Jan 2, 2017
What defines evil in fiction? I say the simplest one is bad guys are selfish, good guys are selfless. That is massively over simplistic but it's a good easy template for basic hero's and villains. Basic ones I was just doing a quick thought experiment to work out an easy way to define “good” and “evil” characters in fiction. The more selfless someone is the more “good” they are: the more they think of others, want to help people, put the needs of the masses first, the more willing they are to reach across to their enemies etc. The more selfish a person is the more “evil” they are: if they don't consider the needs or feelings of others, help out their own small group and let others suffer, help themselves first. Of course there are many other more advanced aspects, especially if you consider the relative nature of these things: the idea that everyone thinks they're the good guy from their own perspective, being cruel to be kind, being too authoritarian and heavy handed in the use of power, NOT using power when you should, helping in a way that only SEEMS destructive and selfish, trying to help but causing destruction and chaos in the process, which brings us to the dreaded “unintended consequences”. BUT, the selfless/selfish equation is a nice simple starting point to build from. In the Quackcast we discuss these aspects as well as more advanced notions about what makes a good evil character, what makes a bad one, humanising evil, and weakening you evil character by humanising them too much. Gunwallace's musical theme was for The Cull: Dark, haunting, and compelling- Eastern European Jewish, country and rock, reminds me of Tracy Bonham’s later work.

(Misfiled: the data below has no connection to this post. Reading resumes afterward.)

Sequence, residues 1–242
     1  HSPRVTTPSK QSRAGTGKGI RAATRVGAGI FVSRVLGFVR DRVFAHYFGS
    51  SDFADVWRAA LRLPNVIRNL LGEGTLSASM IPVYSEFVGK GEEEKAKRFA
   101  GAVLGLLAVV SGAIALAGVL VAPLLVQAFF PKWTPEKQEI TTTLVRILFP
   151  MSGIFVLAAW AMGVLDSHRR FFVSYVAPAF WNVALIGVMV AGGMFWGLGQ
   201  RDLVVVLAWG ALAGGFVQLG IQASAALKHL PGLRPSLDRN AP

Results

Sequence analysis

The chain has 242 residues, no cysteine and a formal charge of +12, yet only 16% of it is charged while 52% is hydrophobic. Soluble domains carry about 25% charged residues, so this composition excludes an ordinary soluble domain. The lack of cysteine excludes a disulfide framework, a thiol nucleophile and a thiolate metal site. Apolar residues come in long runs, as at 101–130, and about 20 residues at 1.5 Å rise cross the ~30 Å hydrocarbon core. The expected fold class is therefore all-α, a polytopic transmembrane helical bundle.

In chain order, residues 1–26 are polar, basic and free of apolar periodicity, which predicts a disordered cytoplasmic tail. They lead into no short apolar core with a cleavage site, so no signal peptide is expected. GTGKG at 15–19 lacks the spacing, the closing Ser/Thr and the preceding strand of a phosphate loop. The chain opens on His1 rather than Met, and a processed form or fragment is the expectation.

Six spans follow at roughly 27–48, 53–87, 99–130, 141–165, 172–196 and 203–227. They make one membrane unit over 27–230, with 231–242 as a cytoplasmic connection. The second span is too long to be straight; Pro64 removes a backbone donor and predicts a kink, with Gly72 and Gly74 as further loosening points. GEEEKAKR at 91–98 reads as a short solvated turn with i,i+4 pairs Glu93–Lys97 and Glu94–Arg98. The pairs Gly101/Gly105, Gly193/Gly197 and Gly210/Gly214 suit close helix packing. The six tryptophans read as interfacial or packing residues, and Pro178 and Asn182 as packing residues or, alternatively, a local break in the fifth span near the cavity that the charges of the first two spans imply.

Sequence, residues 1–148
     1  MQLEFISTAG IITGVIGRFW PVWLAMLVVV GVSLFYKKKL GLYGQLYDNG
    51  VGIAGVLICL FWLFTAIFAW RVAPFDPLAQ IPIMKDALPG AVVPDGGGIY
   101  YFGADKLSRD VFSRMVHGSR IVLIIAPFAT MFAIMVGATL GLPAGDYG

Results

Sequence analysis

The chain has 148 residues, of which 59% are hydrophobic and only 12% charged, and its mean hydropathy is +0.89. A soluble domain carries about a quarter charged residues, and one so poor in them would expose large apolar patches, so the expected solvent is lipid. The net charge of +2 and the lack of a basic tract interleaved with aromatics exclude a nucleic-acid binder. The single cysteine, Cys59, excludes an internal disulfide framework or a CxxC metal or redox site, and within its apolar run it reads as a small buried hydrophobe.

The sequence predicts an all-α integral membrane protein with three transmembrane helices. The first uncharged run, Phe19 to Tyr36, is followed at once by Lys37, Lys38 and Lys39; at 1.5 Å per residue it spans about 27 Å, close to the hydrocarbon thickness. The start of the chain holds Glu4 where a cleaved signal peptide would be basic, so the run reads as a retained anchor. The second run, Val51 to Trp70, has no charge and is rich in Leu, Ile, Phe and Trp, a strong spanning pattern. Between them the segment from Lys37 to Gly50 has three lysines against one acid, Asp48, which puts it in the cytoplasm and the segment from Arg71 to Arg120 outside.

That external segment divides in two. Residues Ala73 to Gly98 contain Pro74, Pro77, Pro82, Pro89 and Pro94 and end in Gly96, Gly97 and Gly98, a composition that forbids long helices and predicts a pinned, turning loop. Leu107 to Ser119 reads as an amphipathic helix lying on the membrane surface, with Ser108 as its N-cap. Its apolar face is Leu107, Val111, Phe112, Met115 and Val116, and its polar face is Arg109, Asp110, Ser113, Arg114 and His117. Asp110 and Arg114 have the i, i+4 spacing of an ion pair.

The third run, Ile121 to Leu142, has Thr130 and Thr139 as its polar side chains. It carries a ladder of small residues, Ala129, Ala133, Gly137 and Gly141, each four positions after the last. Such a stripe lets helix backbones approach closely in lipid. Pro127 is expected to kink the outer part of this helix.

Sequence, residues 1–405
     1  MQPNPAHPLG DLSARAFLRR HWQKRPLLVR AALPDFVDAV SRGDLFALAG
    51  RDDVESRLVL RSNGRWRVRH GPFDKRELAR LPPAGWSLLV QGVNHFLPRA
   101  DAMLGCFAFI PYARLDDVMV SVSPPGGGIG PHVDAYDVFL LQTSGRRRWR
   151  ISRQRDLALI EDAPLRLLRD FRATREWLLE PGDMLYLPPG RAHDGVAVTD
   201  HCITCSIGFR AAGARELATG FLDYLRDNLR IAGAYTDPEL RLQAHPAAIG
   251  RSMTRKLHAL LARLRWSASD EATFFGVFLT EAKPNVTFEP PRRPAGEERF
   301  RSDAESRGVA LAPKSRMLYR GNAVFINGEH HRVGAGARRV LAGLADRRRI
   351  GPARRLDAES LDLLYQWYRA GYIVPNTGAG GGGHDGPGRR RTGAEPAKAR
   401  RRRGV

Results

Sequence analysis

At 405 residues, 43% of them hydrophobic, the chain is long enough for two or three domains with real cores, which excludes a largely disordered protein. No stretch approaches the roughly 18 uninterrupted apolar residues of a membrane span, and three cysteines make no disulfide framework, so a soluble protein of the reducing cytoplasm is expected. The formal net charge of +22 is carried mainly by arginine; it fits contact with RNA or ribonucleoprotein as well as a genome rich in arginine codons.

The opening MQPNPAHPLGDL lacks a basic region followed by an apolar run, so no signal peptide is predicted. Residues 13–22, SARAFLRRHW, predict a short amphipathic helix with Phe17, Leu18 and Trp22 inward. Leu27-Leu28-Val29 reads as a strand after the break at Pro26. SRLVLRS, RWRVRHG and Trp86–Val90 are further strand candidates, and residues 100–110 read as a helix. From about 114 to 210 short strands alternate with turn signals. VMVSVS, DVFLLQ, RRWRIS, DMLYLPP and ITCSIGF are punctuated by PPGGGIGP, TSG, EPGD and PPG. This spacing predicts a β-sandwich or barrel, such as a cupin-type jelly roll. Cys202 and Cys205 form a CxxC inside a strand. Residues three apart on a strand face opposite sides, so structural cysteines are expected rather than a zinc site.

May 2, 2016
Never let historical accuracy get in the way of a good story… at least that's what Bravo proposes. We stole his thought provoking forum post subject for the topic of this Quackcast. This is how Bravo goes on to explain it: “So how do feel about that? Should exact adherence to the historical record be allowed to wreck your wonderful fiction? If so how much dramatic license is too much? What are your favorite examples of how they got it wrong and how they got it right? And what if just a touch more research would have revealed that the historical story was better than what the fiction writers concocted? How tragic is that? And what about the usage of known historical mythology/hoax as in the Da Vinci code?” The frisson between story requirements and known historical record is pretty interesting. In Hollywood the former wins out EVERY single time and usually it doesn't result in a better story anyway, but as we discuss in the Quackcast there are OTHER reasons than simple bad writing choices for not sticking to the real story and trying to hammer everything into the Hero's Journey template.